Eight years ago, Pat Scully had his first run-in with urban renewal. Even though he wound up getting knocked down by a wrecking ball, he didn't complain.
But this time, he's decided, no more Mr. Nice Guy.
He's suing the city and his landlords, F&R Limited Partnership and Western-Southern Life Insurance. On his day in court, Dec. 13, he hopes to hold back the wrecker's ball so he can be compensated for his losses and take a stand for all small businesses in downtown.
In 1988, he felt his Scully's Sports Cafe was being leveled for the good of downtown development. It stood in the way of Fountain Square West, a new Lazarus store. And progress.
''So, I just tucked my tail between my legs, didn't say a word and went away.''
He moved a block west to the skywalk level of the Fifth & Race Tower.
He didn't take a dime from the city to relocate. The city didn't offer him a dime either.
''I spent $275,000 of my own money to move and remodel.''
Business was good. Scully's catered to conventioneers and hotel guests. Their business provided jobs for 30 employees and put $1 million in the till every year.
Then, urban renewal came calling again.
Yet another department store - McAlpin's - wanted to go where Scully's serves burgers and beers. His landlords planned to cancel his lease and evict the sports bar with no money changing hands.
This time Pat Scully chose to stand and fight City Hall.
In April, the skywalk linking Scully's to Fountain Square was abruptly closed and torn down.
Pat Scully got mad, sued the city and Fountain Square West's developer. He won an out-of-court settlement. The skywalk was to be rebuilt. The bar was to be re-connected with the heart of downtown.
As an afterthought, his lawyer, Robert Manley, added a penalty clause. If the skywalk wasn't in place by Nov. 21, Pat Scully would be paid $1,000 every day its opening was delayed.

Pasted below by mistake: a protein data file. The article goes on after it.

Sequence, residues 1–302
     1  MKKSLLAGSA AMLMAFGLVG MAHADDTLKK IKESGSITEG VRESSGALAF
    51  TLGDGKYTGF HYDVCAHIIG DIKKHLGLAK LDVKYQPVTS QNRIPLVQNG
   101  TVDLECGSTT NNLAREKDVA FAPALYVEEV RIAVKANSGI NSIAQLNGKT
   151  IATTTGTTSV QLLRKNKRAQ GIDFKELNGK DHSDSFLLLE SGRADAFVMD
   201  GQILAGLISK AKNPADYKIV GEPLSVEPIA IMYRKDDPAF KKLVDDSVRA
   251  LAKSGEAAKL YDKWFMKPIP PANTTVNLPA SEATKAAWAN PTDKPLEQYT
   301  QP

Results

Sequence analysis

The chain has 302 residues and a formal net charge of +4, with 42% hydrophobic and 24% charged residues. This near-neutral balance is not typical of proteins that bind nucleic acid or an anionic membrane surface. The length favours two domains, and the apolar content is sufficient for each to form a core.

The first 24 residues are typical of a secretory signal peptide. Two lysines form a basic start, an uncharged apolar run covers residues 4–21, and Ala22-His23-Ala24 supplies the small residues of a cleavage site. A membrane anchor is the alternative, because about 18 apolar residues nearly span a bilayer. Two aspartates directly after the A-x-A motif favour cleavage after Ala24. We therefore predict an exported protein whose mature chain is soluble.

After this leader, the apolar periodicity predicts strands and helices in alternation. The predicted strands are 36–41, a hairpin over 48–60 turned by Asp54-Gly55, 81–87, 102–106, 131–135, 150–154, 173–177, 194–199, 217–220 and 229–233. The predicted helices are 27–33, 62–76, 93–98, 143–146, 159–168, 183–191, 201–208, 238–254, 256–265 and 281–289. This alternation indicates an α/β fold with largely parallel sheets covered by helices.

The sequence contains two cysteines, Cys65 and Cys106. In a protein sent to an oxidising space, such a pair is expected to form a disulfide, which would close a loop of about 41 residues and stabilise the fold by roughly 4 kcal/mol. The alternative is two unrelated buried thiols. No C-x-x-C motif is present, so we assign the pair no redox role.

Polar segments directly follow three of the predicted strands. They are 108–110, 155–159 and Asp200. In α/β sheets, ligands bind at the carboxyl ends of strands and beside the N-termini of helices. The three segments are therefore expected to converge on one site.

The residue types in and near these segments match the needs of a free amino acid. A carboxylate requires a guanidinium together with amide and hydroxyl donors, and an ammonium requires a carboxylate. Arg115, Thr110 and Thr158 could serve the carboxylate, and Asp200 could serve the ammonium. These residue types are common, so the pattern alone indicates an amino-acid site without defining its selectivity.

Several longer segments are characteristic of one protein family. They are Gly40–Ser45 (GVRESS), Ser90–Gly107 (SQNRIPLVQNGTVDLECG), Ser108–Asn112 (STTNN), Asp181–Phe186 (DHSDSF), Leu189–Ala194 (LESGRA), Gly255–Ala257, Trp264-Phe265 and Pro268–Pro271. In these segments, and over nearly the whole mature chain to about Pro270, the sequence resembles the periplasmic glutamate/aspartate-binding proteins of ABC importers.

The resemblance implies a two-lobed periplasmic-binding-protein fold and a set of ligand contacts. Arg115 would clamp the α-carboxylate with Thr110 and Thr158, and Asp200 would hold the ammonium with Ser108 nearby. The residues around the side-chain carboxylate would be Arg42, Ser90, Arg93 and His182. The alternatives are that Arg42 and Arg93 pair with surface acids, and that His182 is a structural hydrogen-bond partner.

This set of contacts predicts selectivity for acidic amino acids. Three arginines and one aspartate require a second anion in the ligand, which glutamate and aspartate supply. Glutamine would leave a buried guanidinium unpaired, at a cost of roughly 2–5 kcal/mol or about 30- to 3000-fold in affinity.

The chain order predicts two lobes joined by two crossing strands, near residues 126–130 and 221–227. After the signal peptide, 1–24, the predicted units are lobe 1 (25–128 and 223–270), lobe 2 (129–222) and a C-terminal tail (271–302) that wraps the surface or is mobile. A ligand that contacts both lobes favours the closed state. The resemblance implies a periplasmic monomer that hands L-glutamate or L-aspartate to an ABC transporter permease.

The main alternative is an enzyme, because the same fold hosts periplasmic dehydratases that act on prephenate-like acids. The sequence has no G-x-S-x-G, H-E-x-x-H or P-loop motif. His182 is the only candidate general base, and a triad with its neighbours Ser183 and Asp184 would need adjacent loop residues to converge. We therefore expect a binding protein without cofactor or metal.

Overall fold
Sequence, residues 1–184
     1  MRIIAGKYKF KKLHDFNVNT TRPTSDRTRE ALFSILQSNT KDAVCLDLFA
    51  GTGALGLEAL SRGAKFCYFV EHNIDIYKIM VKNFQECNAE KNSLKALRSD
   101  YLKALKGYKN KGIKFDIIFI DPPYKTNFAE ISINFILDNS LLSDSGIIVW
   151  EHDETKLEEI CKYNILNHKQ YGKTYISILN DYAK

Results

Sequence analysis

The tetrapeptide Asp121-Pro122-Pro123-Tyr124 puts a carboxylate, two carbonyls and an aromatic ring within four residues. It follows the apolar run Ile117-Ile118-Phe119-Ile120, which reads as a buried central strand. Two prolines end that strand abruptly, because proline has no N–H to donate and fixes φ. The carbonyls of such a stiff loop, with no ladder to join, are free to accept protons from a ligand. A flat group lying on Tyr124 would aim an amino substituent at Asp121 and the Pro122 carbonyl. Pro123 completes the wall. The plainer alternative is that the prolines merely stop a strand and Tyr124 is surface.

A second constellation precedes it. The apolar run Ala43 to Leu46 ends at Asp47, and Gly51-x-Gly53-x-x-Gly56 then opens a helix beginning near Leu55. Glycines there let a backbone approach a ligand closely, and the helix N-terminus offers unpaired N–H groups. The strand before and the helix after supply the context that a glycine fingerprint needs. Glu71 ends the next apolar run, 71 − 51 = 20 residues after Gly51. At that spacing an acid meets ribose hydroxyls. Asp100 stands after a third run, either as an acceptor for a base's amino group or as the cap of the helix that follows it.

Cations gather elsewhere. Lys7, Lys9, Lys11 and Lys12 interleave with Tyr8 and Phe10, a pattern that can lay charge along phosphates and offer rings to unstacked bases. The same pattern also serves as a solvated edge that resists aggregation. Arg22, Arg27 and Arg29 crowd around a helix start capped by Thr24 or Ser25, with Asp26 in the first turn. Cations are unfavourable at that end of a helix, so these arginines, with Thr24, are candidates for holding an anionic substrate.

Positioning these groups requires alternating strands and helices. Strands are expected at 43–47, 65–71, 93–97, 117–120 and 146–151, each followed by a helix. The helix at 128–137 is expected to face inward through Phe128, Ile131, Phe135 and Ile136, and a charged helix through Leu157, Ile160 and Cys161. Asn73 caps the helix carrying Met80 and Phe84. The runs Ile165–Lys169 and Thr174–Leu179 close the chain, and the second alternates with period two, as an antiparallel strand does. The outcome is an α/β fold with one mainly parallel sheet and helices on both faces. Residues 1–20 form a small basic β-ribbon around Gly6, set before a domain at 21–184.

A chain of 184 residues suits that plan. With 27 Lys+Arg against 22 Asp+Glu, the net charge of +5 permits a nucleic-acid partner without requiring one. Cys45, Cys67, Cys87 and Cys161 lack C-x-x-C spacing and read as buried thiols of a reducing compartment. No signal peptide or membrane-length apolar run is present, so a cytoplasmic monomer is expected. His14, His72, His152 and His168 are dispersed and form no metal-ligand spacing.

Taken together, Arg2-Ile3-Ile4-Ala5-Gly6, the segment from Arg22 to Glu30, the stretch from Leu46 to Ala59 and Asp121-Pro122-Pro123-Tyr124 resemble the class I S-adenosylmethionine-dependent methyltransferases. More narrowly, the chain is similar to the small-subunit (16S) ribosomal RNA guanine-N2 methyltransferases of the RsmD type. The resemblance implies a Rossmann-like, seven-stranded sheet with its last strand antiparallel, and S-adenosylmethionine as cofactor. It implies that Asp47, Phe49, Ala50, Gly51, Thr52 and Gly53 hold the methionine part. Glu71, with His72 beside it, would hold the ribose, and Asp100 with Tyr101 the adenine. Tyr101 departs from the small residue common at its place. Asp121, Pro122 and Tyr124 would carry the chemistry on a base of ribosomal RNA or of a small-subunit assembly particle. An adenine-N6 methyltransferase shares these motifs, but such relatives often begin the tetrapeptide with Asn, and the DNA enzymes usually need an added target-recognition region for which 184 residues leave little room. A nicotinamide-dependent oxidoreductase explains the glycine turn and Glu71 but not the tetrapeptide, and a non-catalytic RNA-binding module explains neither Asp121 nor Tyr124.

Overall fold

The pedestrian bridge over Race Street is still not up and might not be for months. So, every day Pat Scully gets another $1,000 to pay his legal bills in his fight with the city.
''Five years ago, I would have just started over at some other place downtown,'' he said. ''No more. I can't afford to set myself up for the same fall a third time. This is a grudge match to the end.''
Twenty-seven, hand-painted signs are tacked across Scully's entrance. From pieces of neon pink and taxi-cab yellow paper, they scream their defiant messages:
We won't be squeezed out. See you in court.
Give us $10 million, build us a new store, give us free rent and we might stay downtown.
We're mad as hell & won't take it anymore!!
Pat Scully wouldn't be so fighting mad if someone somewhere along the line had said: ''I'm sorry.''
Those magic words ''would have gone a long, long way.''
''But nobody in the city has ever said, 'This is for the good of Cincinnati. Please stay downtown. We're sorry.'
''The city only cares about big business,'' he added. ''Saks, McAlpin's and Lazarus get money to build new stores. When they put in these big new buildings, the little guys - whose candy stores, hat stores, shoe stores were wrecked - can't afford the higher rents.''
Pat Scully is one of the little guys. Scully's is not a franchised burger house or a chain brew pub such as the Rock Bottom Brewery on Fountain Square.
For Cincinnati's downtown to come back from the dead, it needs all of the Scully's it can get. These businesses give a city its distinct flavor.
You can't assume if you take care of the big stores, the small ones will follow.
And you can't treat the small ones with respect one day - give Scully's $1,000 a day for the business lost because of the skywalk's closing - then, the next day, let them be summarily thrown out of business to please a department store.
Every day, the city and its developers must remember to treat all businesses - big and small - for what they are: Equally important parts of the same puzzle.
Cliff Radel's column appears in The Enquirer Monday, Wednesday and Friday. Available to speak to groups. Tips and comments most welcome. Call 768-8379 or fax at 768-8340.